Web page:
Written byShiladitya Ray ·
On Thursday, the White House, in a press conference, announced that US President Donald Trump would sign a government funding bill to avert another government shutdown.
However, White House Press Secretary Sarah Sanders also announced that President Trump would declare a national emergency to obtain funds for his proposed US-Mexico border wall, which did not get adequately funded in the aforementioned bill.
"President Trump will sign the government funding bill, and as he has stated before, he will also take other executive action - including a national emergency - to ensure we stop the national security and humanitarian crisis at the border," announced Sanders on Thursday.
On Thursday, the US Senate passed a massive budget and border security deal with an overwhelming majority, allocating more than $330bn to fund the Department of Homeland Security (DHS) and other federal agencies till September 30, the end of this financial year.
President Trump's willingness to sign the legislation will ensure that the US government does not go into another shutdown.
However, the funding bill, in its $49bn allocation for the DHS, allotted only $1.375bn for 88.5km of steel fencing along the border - far short of the $5.7bn the President had demanded for his border wall.
President Trump's $5.7bn demand had earlier been strongly opposed by Democrats in the Congress, and the consequent impasse had led to the longest US government shutdown in history.
Evidently, the President is not pleased with the allocation for his wall.
While he has decided to avert another shutdown by signing the funding bill, it appears that he is also ready to declare a national emergency to get the funding required for the 3,200km border wall, which was a key election promise made by him in the run-up to the 2016 US Presidential Elections.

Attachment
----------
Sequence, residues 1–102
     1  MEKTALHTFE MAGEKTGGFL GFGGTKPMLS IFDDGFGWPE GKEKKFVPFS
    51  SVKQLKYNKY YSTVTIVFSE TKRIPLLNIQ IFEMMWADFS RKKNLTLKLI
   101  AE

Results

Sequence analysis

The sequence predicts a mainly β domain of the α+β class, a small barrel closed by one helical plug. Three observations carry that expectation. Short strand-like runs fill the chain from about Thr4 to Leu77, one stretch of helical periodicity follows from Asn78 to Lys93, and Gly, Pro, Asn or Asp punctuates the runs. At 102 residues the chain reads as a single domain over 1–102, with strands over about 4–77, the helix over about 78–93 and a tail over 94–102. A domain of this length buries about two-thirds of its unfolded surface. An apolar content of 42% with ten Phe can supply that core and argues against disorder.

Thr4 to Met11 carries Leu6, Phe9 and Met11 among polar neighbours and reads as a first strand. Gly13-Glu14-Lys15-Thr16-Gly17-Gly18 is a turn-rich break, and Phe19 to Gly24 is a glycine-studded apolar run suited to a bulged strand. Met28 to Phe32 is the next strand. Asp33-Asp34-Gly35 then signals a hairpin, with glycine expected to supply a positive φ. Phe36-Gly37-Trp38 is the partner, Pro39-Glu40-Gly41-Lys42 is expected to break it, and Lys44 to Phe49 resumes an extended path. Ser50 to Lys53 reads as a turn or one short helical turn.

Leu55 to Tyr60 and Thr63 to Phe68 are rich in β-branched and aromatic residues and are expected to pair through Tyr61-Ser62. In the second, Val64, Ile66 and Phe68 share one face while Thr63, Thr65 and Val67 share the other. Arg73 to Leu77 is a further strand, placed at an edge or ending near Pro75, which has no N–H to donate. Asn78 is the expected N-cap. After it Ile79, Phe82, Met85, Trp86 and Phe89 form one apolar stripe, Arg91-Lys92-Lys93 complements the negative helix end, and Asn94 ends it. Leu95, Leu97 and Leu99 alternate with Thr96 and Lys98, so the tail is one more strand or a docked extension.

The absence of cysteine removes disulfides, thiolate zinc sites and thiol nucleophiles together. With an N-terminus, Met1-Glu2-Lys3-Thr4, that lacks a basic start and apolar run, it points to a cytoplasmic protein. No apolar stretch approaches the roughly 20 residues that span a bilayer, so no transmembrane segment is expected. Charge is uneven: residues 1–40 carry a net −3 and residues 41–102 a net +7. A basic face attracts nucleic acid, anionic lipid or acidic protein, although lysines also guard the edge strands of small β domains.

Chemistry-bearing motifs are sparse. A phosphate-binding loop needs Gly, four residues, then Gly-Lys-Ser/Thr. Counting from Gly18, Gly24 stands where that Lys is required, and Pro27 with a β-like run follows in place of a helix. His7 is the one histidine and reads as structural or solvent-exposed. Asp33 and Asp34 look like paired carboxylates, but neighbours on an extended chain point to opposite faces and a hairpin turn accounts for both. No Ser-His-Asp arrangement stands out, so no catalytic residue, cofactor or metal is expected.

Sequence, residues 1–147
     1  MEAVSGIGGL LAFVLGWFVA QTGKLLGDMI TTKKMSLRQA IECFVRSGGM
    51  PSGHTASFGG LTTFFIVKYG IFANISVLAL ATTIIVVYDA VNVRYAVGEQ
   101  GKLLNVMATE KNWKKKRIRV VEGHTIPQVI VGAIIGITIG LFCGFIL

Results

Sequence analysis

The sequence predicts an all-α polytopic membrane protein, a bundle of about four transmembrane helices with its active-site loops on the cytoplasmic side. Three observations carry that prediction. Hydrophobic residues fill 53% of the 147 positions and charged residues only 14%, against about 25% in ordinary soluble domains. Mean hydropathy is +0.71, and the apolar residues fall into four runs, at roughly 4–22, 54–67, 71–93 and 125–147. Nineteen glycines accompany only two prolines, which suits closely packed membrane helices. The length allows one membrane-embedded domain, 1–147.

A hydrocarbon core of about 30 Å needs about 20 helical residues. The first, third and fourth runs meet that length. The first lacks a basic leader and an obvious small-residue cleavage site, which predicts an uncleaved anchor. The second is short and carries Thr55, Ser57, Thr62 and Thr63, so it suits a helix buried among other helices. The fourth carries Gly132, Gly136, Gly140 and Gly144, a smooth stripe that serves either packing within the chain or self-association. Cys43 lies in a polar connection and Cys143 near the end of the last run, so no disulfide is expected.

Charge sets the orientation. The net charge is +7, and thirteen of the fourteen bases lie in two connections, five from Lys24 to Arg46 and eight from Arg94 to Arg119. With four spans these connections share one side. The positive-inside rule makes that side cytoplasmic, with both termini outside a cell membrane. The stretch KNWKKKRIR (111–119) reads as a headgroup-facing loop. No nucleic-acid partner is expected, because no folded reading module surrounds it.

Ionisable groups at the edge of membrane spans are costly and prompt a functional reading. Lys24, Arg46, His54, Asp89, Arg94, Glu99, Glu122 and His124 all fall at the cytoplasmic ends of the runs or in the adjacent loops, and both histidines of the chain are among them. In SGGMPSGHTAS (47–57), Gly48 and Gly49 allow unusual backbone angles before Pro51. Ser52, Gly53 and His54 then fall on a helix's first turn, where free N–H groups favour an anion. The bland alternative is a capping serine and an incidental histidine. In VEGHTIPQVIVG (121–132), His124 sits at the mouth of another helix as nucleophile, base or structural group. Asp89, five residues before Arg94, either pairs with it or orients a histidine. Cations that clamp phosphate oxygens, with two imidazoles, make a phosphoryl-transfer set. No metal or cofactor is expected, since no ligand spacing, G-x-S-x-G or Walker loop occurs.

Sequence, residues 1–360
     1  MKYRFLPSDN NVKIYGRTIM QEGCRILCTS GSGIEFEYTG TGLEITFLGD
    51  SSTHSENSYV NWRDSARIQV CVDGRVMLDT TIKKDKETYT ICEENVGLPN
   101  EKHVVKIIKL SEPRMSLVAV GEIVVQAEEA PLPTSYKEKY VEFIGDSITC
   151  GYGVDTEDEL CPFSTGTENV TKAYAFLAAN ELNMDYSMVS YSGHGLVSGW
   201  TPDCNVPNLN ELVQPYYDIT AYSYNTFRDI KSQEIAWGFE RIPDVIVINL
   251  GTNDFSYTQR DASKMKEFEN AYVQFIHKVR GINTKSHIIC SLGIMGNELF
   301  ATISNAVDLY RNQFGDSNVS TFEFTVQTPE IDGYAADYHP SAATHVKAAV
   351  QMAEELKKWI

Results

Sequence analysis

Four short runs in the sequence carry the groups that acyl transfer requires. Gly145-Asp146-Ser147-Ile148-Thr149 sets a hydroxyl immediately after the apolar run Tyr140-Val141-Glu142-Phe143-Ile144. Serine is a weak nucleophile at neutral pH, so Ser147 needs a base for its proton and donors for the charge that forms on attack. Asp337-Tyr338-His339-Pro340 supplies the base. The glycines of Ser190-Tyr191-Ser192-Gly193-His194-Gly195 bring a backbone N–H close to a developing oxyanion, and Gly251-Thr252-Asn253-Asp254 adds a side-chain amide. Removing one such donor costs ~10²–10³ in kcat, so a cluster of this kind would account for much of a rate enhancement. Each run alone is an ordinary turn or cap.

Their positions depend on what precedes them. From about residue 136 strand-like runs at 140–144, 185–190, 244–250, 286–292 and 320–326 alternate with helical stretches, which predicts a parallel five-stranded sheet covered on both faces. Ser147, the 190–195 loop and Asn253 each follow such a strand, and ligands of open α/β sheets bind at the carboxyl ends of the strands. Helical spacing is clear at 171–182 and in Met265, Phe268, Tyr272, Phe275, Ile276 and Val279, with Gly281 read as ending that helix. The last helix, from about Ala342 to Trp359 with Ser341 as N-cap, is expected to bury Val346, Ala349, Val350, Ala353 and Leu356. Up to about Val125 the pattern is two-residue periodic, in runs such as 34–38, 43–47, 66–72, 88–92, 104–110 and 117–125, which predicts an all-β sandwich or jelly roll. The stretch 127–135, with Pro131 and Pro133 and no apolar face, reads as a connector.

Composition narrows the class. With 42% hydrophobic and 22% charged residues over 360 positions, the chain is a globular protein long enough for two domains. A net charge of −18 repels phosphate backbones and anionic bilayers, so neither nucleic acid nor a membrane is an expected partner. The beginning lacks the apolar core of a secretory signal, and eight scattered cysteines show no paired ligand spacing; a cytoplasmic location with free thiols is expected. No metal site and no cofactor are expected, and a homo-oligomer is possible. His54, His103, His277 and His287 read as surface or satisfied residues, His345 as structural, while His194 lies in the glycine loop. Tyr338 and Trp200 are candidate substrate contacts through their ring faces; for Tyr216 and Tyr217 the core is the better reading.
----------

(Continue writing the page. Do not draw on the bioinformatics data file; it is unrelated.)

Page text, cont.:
Democrats, understandably, are far from pleased.
Responding to the White House's announcement, Speaker of the House Nancy Pelosi promised to respond appropriately to a national emergency declaration.
She added that there was no crisis at the border that required the declaration of a national emergency.
She further said that declaring a national emergency would undermine the authority of the Congress.
Legal experts say that under current law, President Trump has a plausible case using which he can declare a national emergency to secure funding for the wall.
However, such a declaration is almost certain to invite a court challenge from opponents, who will argue that the President is usurping over two centuries of Congressional control over government spending.
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